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Nabilone for the Treatment of Post-Traumatic Stress Disorder: A Review of Clinical Effectiveness and Guidelines

CADTH Rapid Response Report: Summary with Critical Appraisal

and .



Clinician Administered PTSD Scale


Critical Appraisal Skills Programme


Cannabinoid receptor type 1


Cannabinoid receptor type 2


Cognitive behavioural therapy


Clinical Global Impression of Change


Centre For Reviews and Dissemination


Diagnostic and Statistical Manual of Mental Disorders (4th ed., Text Revision)


Eye movement desensitization and reprocessing


Global Assessment of Functioning


Health Technology Assessment


Posttraumatic Checklist – Civilian version


Post-traumatic stress disorder


randomized controlled trial


Standard deviation


Serotonin and norepinephrine reuptake inhibitors


Selective serotonin reuptake inhibitors


Trauma-focused cognitive behavioural therapy


Well-being questionnaire

Context and Policy Issues

Post-traumatic stress disorder (PTSD) is characterized by substantial psychological or physiological distress following exposure to trauma.1 According to the most recent Diagnostic and Statistical Manual of Mental Disorders, Fifth Edition (DSM-5), criteria for PTSD diagnosis includes either direct, or indirect (e.g., as a witness, or having learned that a close family member or friend has experienced a traumatic event), exposure to situations of actual or threatened death, violence, sexual assault, or serious injury. Individuals with PTSD have at least one intrusion symptom defined as recurrent, involuntary nightmares, flashbacks, and/or psychological or physiological distress at reminders of the trauma, lasting for greater than one month.1,2 These intrusive and distressing symptoms have a significant effect on a person’s quality of life, often leading to persistent avoidance of stimuli associated with the trauma, negative alterations in cognition, detachment from others, distorted blame, irritability, aggressive or reckless behavior, and sleep disturbances.1 Approximately 75% of individuals with PTSD have comorbid psychiatric disorders such as major depressive disorder, substance abuse disorder, and/or alcohol dependence.3 Suicidality increases in the PTSD population approximately 2 to 3-fold and odds of lifetime suicide attempts increase with the presence of comorbid conditions.4 Economically, PTSD is associated with more frequent and longer hospitalizations, in addition to a greater utilization of mental health services.5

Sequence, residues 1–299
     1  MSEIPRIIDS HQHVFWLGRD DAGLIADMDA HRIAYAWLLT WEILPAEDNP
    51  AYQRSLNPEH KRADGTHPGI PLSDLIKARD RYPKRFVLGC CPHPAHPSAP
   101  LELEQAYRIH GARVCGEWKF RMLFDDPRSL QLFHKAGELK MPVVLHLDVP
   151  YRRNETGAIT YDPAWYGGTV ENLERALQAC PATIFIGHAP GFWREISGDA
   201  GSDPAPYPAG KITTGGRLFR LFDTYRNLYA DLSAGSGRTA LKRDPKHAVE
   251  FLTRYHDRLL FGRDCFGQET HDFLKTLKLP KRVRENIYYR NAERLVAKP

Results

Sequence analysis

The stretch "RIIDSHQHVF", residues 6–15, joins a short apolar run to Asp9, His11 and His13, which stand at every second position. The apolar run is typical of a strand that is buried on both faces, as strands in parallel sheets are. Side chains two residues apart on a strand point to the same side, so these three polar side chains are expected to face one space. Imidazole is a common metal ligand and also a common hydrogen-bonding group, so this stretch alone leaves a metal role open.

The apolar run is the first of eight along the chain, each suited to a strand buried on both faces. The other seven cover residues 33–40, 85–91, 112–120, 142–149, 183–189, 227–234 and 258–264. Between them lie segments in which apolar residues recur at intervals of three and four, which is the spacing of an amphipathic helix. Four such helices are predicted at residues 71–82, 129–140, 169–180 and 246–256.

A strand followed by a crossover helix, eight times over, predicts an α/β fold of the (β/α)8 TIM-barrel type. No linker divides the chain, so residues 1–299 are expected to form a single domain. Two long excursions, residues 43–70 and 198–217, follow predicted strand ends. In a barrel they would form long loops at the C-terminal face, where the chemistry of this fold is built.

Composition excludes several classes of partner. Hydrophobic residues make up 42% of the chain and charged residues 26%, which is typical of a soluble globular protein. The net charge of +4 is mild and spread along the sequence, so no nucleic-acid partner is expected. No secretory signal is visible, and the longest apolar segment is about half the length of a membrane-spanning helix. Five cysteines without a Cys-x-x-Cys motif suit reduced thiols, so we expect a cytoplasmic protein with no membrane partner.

Lifetime prevalence of PTSD in Canada was estimated at 9.2%, with one-month prevalence rates being more than double in women (3.4%) versus men (1.3%), according to a national survey conducted in 2002.3 Approximately, 76% of Canadians in the survey reported exposure to at least one significantly traumatic event in their lifetime most commonly reported as the sudden death of a loved one, sexual assault, and seeing someone badly injured or killed.3 The majority (68.5%) of individuals reported symptoms of PTSD lasting for more than a year.3

Treatment for PTSD is generally centered on education and psychological therapies (with or without pharmacological intervention) mainly cognitive behavioral therapy (CBT) protocols, such as trauma-focus CBT (TF-CBT), or eye movement desensitization and reprocessing (EMDR) therapeutic techniques.1,6 According to the Anxiety Disorders Association of Canada/Association Canadienne des troubles anxieux Canadian clinical practice guidelines, first line pharmacological intervention calls for the use of antidepressants classified as selective serotonin re-uptake inhibitors (SSRIs) (e.g., fluoxetine, paroxetine) or serotonin and norepinephrine re-uptake inhibitors (SNRIs) (e.g., venlafaxine, duloxetine).1 Second line and third line agents include additional antidepressants demonstrating less clinical efficacy (e.g., fluvoxamine, mirtazapine), with third line agents including anticonvulsant (e.g., topiramate, lamotrigine) and atypical antipsychotic drugs (e.g., risperidone, aripiprazole).1 Currently, synthetic cannabinoids are not listed within the Canadian guidelines for treatment of PTSD.